I read with interest Sarah Weiss’s excellent Aug. 25 op-ed article “Judaism and The Rise Of Burka Women.”
A few months ago I wrote to one of the major haredi magazines on the subject of the omission of women’s photos in frum media. That publication chose not to publish those views, which I share here, in lightly revised form, with Jewish Press readers.
To the Editor:
I have found your magazine to be the most progressive and hashkafically in line with my thinking of the many “haredi” publications. Time and again I am pleasantly surprised at the direct and unapologetic approach you take to our community’s challenges.
That is why, despite some ambivalence, I am choosing to take the time to write you about an issue I know you’ve heard about many times over. Hear me out, though; my arguments may provide a fresh perspective on this issue.
Your editorial (and/or business) choice to not show photos of modest Jewish women is not unique; the rest of the haredi press does the same. However, here are three reasons, based on my varied life experiences, as to why you should seriously rethink your position:
- I have served as founding Head of School of two well-known out of town Bais Yaakov high schools. After twelve years in chinuch habanos, I feel I have some insight into the challenges teenage girls face. One of their key issues during those turbulent years is a balanced sense of self. Especially out of town, but unquestionably in town as well, almost every public image of women is diametrically opposed to the Torah’s image. There is little reinforcement in the public arena of a balanced, modest image.
What better way to create positive reinforcement of their chosen Torah lifestyle than images in the Torah publications that help the girls identify and feel pride? Instead, there is no public reinforcement for the girls; they are simply invisible.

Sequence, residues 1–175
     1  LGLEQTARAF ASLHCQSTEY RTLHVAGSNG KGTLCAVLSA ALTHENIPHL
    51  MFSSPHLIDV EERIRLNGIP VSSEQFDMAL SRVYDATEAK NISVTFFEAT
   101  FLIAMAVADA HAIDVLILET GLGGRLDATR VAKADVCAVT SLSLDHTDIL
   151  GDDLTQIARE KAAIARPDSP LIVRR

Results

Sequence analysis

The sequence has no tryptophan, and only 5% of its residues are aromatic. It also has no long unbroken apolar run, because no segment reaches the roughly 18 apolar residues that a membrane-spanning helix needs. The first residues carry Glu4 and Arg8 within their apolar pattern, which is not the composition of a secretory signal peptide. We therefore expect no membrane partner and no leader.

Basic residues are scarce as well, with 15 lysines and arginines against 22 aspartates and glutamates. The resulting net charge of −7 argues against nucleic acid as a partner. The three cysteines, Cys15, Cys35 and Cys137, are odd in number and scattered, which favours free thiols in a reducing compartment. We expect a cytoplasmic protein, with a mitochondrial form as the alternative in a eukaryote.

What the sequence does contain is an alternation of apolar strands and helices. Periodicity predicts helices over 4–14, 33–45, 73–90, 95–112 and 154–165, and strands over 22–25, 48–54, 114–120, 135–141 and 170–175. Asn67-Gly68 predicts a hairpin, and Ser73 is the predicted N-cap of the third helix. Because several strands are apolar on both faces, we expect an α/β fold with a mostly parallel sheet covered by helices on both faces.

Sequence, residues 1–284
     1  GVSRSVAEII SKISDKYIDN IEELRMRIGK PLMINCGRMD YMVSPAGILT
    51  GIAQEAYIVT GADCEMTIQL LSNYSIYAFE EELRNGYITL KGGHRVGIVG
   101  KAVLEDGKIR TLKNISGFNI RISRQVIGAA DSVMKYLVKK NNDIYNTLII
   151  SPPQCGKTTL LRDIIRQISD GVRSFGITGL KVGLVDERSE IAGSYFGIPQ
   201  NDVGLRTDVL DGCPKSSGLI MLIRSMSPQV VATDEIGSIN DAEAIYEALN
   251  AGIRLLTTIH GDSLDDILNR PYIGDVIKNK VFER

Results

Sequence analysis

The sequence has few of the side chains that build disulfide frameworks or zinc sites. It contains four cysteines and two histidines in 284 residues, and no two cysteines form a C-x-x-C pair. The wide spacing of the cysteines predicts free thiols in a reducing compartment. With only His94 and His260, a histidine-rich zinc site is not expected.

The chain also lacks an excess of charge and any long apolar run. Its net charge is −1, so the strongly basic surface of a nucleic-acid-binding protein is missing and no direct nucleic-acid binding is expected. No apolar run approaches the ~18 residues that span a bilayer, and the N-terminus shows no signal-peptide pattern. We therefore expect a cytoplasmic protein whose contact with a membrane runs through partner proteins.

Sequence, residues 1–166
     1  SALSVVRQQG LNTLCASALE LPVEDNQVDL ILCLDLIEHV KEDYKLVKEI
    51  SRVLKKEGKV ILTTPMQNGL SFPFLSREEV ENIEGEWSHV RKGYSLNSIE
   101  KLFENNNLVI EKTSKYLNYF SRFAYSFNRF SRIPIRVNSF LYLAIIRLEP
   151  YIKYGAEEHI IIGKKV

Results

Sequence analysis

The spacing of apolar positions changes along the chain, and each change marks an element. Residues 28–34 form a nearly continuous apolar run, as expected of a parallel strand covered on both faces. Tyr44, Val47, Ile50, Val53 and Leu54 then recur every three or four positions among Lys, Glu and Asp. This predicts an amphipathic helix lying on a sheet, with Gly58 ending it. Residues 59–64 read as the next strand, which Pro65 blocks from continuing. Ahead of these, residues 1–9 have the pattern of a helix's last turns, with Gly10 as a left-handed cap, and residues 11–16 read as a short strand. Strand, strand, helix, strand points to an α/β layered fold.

Privately, yes of course – in plays, productions, women-only events, etc. But that’s not enough in today’s world. These girls need to stand tall and have their identities clear and unambiguous in the public arena, in appropriate ways – such as a group photo from a Bais Yaakov convention, girls visiting nursing home residents, girls involved in a chemistry lab, etc.
- After my years in chinuch I established a consulting firm focused on leadership and strategy in schools and nonprofits. One of the key ideas I convey at conferences is the need to avoid any contradiction between mission and action. For example, there are organizations that preach chesed or caring for the ill but that internally are plagued by infighting and behavior that is the very opposite of chesed.
Your magazine calls from the rooftops the crucial message that despite the growing numbers of Orthodox Jews, we have become spiritually ill in many areas. Yet there is a glaring disconnect between your mission, your actual words, and the baffling and at times ironic decision to obscure the female image. The gap between your general editorial positions and this particular position is, at least to me, astounding.
- Finally, let me relate a story that took place in the mid-1980s while I was studying in Eretz Yisrael. I once spent a Shabbos in Mattersdorf and davened Kabbalos Shabbos at a well-known yeshiva there. I knew that one of the hanhala had been a rebbe of my father’s many years before in the famous RJJ Yeshiva. When I shook his hand after davening, I excitedly told him who I was and he smiled broadly.
I hoped for an invitation to join the rav for seudas Shabbos; he paused for a moment and then said, “You’ll join us tomorrow for Shabbos lunch, of course!” I immediately accepted. The next day, my friend and I went up the many steps to the rav’s apartment. As I entered, I was surprised to see two seminary-age girls at the table. One, I realized later, was the rav’s grandniece, who had brought her friend for Shabbos. Though we didn’t converse with the girls, the rebbetzin went out of her way to make us feel comfortable, and we had an enjoyable and uplifting seudah.
The rav and rebbetzin simply could have said that they had girls for Shabbos and therefore couldn’t have us over. Instead they chose the way of Torah. The Torah view, I would humbly submit, is the view of the Big Picture. You consider all the variables, the positives and negatives, and you make the decision that is the “30,000 foot view,” not the one obscured by trees.
The positive images of how our great rebbetzins, our dedicated mothers of Klal Yisrael, today’s bnos Torah, grace our lives is what I would like my daughters – and indeed my sons – to see.